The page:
Keywords: (un)bounded rationality, (non-)cooperative game theory, bargaining and negotiation (theory and experiments)
    JEL: C90 C92 C93 D63 D64 D71 D74
    Date: 2011–03–07
  5. By: Melanie Heugues
    Abstract: In the framework of international cooperation on climate change to control greenhouse gas emissions<br /> (GHG), this paper aims to shed new light on the eventuality of the emergence of a country (or a group<br /> of countries) behaving as a leader in the implementation of its environmental policy. The sequence of<br /> moves in the existing literature is usually an exogenous assumption, – known as the Cournot<br /> assumption (if countries take action simultaneously) and the Stackelberg assumption (if they act<br /> sequentially, the latter observing the strategy of the former). The main purpose here is to make the<br /> timing endogenous. To do so, we introduce a pre-play stage in the basic two-country game. Then we<br /> provide different sets of minimal conditions – on the benefit and damage functions linked to GHG<br /> emissions into the atmosphere, yielding respectively the simultaneous and the two sequential modes of<br /> play. While the results essentially confirm the prevalence of the former, they also indicate that the<br /> latter are natural under some robust conditions: a leader can emerge endogenously when<br /> implementing its environmental policy. Finally we provide sufficient conditions for a specific leader<br /> to appear. All the results come with an analysis in terms of global emissions and global welfare. No<br /> extraneous assumptions such as concavity, existence, or uniqueness of equilibria are needed, and the<br /> analysis makes crucial use of the basic results from the theory of supermodular games.<br />
    Keywords: Climate change; non cooperative game; global pollution; strategic interactions; endogenous timing; supermodular game theory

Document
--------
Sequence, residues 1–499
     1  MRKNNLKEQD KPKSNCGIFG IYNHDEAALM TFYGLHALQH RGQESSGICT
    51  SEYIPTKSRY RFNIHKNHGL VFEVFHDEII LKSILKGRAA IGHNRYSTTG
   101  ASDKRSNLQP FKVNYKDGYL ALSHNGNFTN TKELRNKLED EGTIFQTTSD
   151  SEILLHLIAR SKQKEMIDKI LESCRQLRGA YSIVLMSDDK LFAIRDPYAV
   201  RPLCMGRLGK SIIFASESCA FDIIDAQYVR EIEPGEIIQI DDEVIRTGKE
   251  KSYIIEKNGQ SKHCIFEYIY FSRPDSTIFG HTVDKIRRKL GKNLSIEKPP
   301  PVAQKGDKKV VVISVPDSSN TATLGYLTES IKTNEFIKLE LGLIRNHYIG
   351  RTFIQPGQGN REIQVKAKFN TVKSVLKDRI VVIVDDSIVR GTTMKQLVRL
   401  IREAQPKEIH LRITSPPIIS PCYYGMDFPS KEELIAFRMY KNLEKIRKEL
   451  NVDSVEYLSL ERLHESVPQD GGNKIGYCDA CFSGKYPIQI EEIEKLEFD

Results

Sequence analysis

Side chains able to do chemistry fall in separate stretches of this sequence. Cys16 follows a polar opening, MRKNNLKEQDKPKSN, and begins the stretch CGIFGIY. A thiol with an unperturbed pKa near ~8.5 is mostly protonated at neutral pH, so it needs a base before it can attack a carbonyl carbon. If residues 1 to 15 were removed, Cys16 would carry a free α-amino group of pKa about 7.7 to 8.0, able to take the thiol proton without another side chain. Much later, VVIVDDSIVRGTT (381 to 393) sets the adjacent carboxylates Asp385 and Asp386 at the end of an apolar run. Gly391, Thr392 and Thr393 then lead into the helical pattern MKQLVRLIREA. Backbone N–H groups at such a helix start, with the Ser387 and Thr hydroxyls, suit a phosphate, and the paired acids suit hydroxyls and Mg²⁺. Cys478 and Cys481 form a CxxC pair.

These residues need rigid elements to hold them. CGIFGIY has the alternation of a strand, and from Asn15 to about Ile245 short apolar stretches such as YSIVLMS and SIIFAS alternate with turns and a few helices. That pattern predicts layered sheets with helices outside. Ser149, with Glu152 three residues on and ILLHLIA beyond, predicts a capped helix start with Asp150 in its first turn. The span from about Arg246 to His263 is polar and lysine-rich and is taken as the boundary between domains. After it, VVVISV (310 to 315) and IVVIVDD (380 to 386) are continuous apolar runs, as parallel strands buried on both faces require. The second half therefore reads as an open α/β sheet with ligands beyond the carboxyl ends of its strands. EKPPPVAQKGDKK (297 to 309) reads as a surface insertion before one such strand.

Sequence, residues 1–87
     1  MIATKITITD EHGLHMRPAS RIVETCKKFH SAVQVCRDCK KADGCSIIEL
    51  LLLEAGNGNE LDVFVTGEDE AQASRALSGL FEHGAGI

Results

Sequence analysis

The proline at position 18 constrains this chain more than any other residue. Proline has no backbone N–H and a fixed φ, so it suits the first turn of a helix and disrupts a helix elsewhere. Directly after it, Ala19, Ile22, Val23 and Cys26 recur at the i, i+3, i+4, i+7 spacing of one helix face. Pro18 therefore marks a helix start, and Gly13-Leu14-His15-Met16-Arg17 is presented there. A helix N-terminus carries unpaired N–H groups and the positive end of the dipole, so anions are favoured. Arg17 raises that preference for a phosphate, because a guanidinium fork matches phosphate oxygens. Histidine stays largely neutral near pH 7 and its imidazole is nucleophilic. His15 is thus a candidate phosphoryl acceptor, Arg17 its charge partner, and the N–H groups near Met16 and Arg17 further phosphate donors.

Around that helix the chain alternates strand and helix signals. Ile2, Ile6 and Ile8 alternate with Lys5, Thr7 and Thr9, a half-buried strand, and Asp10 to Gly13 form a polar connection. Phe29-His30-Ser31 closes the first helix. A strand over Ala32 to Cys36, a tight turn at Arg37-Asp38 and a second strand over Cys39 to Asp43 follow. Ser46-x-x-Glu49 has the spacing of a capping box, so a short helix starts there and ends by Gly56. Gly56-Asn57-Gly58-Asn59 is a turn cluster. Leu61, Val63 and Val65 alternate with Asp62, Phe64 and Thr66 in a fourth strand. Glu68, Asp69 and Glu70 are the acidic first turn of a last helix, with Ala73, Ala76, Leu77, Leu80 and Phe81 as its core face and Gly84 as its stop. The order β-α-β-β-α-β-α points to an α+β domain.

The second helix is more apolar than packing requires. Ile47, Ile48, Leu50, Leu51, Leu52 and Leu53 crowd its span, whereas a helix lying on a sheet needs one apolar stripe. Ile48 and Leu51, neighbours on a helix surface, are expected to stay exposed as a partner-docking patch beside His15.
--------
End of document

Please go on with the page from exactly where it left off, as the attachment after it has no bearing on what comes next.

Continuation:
Date: 2011–03
  6. By: Hertel, Johanna; Smith, John
    Abstract: We model an interaction between an informed sender and an uninformed receiver. As in the classic cheap talk setup, the informed player sends a message to an uninformed receiver who is to take an action which affects the payoffs of both players. However, in our model the sender can communicate only through the use of discrete messages. The messages are ordered by the cost incurred by the sender upon its transmission. We characterize the resulting equilibria under a weak out-of-equilibrium condition. We apply the stronger no incentive to seperate (NITS) condition to our model. We show that if the sender and receiver have aligned preferences regarding the action of the receiver then NITS only admits the most informative equilibrium. When the preferences between players are not aligned, we show that NITS does not guarantee uniqueness and we provide an example where an increase in communication costs can improve communication. As we show this improvement can occur to such an extent that an equilibrium outperforms the Goltsman et. al. (2009) upper bound for payoffs in mediated communication.
    Keywords: information transmission; cheap talk; equilibrium selection
    JEL: D82 D83 C72
    Date: 2011–02–18
  7. By: Alex Dickson (Department of Economics, University of Strathclyde); Roger Hartley (Department of Economics, University of Manchester)
    Abstract: We study a strategic market game in which traders are endowed with both a good and money and can choose whether to buy or sell the good. We derive conditions under which a non-autarkic equilibrium exists and when the only equilibrium is autarky. Autarky is ‘nice’ (robust to small perturbations in the game) when it is the only equilibrium, and ‘very nice’ (robust to large perturbations) when no gains from trade exist. We characterize economies where autarky is nice but not very nice; that is, when gains from trade exist and yet no trade takes place.
    Keywords: Bilateral oligopoly, strategic market game, trade.
    JEL: C72 D43 D51 L13
    Date: 2010–02
  8. By: Jorge M. Streb; Gustavo Torrens
    Abstract: In economics, the standard approach to language is that talk is cheap. Here, instead, language is a social convention that a¤ects utility. Unless language is used in its ordinary sense, it cannot help to coordinate actions because there is no way of decoding it. This points to a unique informative equilibrium where words are used in their ordinary sense in natural language. Misrepresentation costs may eliminate uninformative, babbling, equilibria. More generally, meaningful talk provides a concrete mechanism through which consistent expectations are generated in Nash equilibria. Classification-JEL: D8, C7